2010 at 5am Posted by Rebecca Joines Schinsky
The Bare Necessities is a series in which authors and book industry professionals share annotated reading lists of books they love.
I just released Please Ignore Vera Dietz which is a YA novel about eighteen-year-old Vera Dietz and the mess she’s left with after her best friend dies. Or well, her ex-best friend—which makes it even messier, especially considering she’s the only one who may know the truth about how he died. Underneath the mess is an exploration of how we’re grooming a culture of secrecy and censorship around our teenagers as if they can’t handle the truth [often because the adults around them do not want to look at it themselves].
I’m a big believer in telling young adults the truth—about pretty much everything. I mean, not all in one day or anything. But when I encounter a parent who feels that their fifteen-year-old shouldn’t know about “bad things” like rape or domestic violence or drug abuse, I wonder exactly what planet they live on. I’m pretty sure most fifteen-year-olds know about all of those things and some new ones I mightn’t even know about.
Whatever the taboo of choice, I think it’s best to have it all out on the table so kids can educate themselves and ask questions. Drugs. Sex. Abuse. Death. Rape. War. Violence. All those great things the world is going to offer up year after year for the rest of their lives. And so, I write books about these things. Which brings me to: My four favorite must-read YA books that don’t shy away from hard issues.
The Perks of Being a Wallflower by Stephen Chbosky
The first thing that struck me was the distinct voice. Chbosky captured something in Charlie that made me care for him instantly. The story covers an array of issues through either Charlie or other well-defined secondary characters: love, drugs, date rape, pregnancy, abortion to name a few. But I’m leaving out an important one—perhaps the most important to me, anyway. It was the twist at the end that shed light on Charlie’s entire journey and brought everything together. I wish the subject matter handled in this twist was handled more often in literature, teen or otherwise. Too many young men suffer in silence. I’m so glad Chbosky chose to talk about this and I completely recommend it for every single age group.
Split by Swati Avasthi
This is one of the most powerful books I’ve ever read about domestic violence and I still think about it often even though I read it months ago. It starts with sixteen-year-old Jace showing up on his older brother’s doorstep in New Mexico, twenty hours from home after he finally hits his father back. The story of the abuse he, his mother and his brother endured is often raw and hard to read. The [monstrous] father is a respected judge who puts his family through twisted things and knows how to beat the system should he ever get caught. As the past unfolds, the brothers begin to figure out how to move beyond their old lives, realize that there is more to saving their mother than they once thought, and Jace faces his own secrets, which makes for a satisfying end to an amazing novel.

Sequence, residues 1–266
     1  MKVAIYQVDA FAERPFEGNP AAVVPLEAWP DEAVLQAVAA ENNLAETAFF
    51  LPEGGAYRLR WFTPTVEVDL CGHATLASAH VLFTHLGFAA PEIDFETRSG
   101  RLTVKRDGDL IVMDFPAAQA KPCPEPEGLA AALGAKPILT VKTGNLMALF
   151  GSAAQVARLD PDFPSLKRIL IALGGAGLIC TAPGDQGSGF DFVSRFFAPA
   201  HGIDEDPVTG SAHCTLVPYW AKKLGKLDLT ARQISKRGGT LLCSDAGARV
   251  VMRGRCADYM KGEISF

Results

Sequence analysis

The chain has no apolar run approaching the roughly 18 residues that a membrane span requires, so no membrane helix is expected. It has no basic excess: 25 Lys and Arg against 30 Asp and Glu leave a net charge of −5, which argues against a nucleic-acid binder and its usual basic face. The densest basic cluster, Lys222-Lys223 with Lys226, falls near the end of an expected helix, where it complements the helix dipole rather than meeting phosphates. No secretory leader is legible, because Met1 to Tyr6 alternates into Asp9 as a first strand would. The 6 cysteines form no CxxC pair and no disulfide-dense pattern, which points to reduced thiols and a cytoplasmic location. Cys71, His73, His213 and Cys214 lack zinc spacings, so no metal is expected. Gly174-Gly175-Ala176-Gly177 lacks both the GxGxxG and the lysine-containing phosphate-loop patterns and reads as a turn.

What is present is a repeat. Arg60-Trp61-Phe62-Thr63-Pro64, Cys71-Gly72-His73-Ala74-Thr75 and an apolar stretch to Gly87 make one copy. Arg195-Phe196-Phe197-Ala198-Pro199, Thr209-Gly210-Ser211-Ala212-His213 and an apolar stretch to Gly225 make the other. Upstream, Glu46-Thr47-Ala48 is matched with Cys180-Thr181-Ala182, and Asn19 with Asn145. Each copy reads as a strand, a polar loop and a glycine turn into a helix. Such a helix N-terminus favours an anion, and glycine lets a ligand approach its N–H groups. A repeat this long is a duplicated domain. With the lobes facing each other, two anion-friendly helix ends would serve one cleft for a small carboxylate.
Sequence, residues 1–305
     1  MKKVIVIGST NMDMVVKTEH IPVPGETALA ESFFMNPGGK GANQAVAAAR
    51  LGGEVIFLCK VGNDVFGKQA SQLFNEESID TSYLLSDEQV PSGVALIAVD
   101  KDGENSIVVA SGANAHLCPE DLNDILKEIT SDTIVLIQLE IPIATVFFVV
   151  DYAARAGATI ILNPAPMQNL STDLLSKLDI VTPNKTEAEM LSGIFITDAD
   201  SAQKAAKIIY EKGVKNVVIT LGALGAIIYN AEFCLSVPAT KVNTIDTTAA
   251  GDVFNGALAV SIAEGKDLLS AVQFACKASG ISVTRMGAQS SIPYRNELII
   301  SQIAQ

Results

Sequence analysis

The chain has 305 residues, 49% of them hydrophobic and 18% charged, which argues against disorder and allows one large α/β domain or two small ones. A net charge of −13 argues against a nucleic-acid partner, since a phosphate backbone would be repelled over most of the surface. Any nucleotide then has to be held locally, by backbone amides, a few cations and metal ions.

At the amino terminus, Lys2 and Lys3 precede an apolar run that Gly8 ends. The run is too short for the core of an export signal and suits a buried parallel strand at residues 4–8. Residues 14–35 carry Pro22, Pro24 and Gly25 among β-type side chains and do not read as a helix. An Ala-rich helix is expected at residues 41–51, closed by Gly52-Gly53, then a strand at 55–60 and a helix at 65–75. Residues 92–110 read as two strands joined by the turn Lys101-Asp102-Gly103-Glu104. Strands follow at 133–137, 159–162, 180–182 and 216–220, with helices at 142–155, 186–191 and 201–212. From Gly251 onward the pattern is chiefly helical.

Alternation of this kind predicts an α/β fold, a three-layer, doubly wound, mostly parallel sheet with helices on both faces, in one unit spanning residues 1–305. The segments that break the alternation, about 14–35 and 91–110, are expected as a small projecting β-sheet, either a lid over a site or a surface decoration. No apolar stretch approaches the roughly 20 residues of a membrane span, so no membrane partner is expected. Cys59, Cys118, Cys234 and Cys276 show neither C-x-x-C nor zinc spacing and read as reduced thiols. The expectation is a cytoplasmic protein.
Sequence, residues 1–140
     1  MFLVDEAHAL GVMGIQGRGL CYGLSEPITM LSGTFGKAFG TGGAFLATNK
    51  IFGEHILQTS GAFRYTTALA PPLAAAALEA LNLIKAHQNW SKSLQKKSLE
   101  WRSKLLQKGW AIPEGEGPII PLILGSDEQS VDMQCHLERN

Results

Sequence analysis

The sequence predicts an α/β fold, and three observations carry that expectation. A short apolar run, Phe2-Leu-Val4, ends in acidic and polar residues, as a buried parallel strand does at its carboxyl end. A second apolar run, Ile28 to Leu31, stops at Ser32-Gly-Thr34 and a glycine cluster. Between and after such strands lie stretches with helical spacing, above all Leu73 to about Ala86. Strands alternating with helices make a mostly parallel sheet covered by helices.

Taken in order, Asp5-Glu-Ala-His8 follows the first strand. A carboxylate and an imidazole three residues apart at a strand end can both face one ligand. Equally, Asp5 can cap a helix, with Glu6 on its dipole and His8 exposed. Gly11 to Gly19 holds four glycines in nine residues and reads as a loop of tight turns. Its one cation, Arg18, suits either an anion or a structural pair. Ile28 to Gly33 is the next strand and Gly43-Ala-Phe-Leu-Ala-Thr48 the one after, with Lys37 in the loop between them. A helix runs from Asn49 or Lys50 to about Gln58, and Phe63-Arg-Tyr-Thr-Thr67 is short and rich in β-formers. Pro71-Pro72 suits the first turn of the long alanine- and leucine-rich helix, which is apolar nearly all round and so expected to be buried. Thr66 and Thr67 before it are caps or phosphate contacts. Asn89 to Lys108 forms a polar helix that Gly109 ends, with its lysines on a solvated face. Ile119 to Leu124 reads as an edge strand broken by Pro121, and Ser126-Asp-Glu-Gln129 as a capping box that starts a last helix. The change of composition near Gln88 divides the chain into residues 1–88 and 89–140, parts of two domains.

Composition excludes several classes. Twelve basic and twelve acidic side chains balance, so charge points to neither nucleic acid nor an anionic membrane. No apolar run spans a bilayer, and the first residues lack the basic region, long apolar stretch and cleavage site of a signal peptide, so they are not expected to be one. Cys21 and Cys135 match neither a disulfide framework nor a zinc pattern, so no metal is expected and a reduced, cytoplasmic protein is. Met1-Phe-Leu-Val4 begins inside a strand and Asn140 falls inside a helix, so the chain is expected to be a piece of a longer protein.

The Freak Observer by Blythe Woolston
This undeniably quirky story follows Loa, a seventeen-year-old girl who has recently lost her friend to an accident and, before that, her little sister to a rare genetic disorder. As we watch her struggle with PTSD, her devastated family, and her daily attempts to live a normal teenage life, we learn that she sees the world through a scientific netting that is also essentially keeping her together. She recalls her past through the eyes of a statistician or an historian. She communicates and rationalizes through theorems and physics problems. At times, the narrative is hilarious and so clever I just couldn’t stop reading because I couldn’t wait to find the next piece of the puzzle that was Loa. The Freak Observer is fantastic look at the realities of grief from the inside—a journey alongside a life being half-lived while being lived fully…depending on how you look at it.
Crank by Ellen Hopkins
Crank is a verse novel about the perils of meth addiction. And ironically, it is insanely addictive. I read while eating. I neglected my children. In fact, Crank is the only book I have ever read while vacuuming. The voice, the verse style, and the story are all equally compelling. The story follows Kristina, a seventeen-year-old good kid who, while on a visit to see her estranged father, falls into the hands of “the monster,” or meth…and becomes Bree. The downward spiral that follows Bree’s first taste of the monster is incredibly realistic, heavy and downright riveting.
I recently loaned my copy of Crank to my 71-year-old mother. As a former nurse and educator she has seen a lot of reality touch a lot of children. She summed up my feelings about Crank perfectly. “This book should be required reading for every ninth grader in the world.” I agree Mom. In a big way. How on Earth can you avoid the monster if you don’t know what it looks like?
Click here to read more installments of The Bare Necessities.
- Classic Bitches I Have Loved (The Bare Necessities—Erin Blakemore)
- The Bare Necessities—Jacob Ritari (TAROKO GORGE)
- The Bare Necessities—Michele Young-Stone (THE HANDBOOK FOR LIGHTNING STRIKE SURVIVORS)
- The Bare Necessities—Andrew Shaffer (GREAT PHILOSOPHERS WHO FAILED AT LOVE)
- The Bare Necessities–Kayt Sukel (DIRTY MINDS: HOW OUR BRAINS INFLUENCE LOVE, SEX, AND RELATIONSHIPS)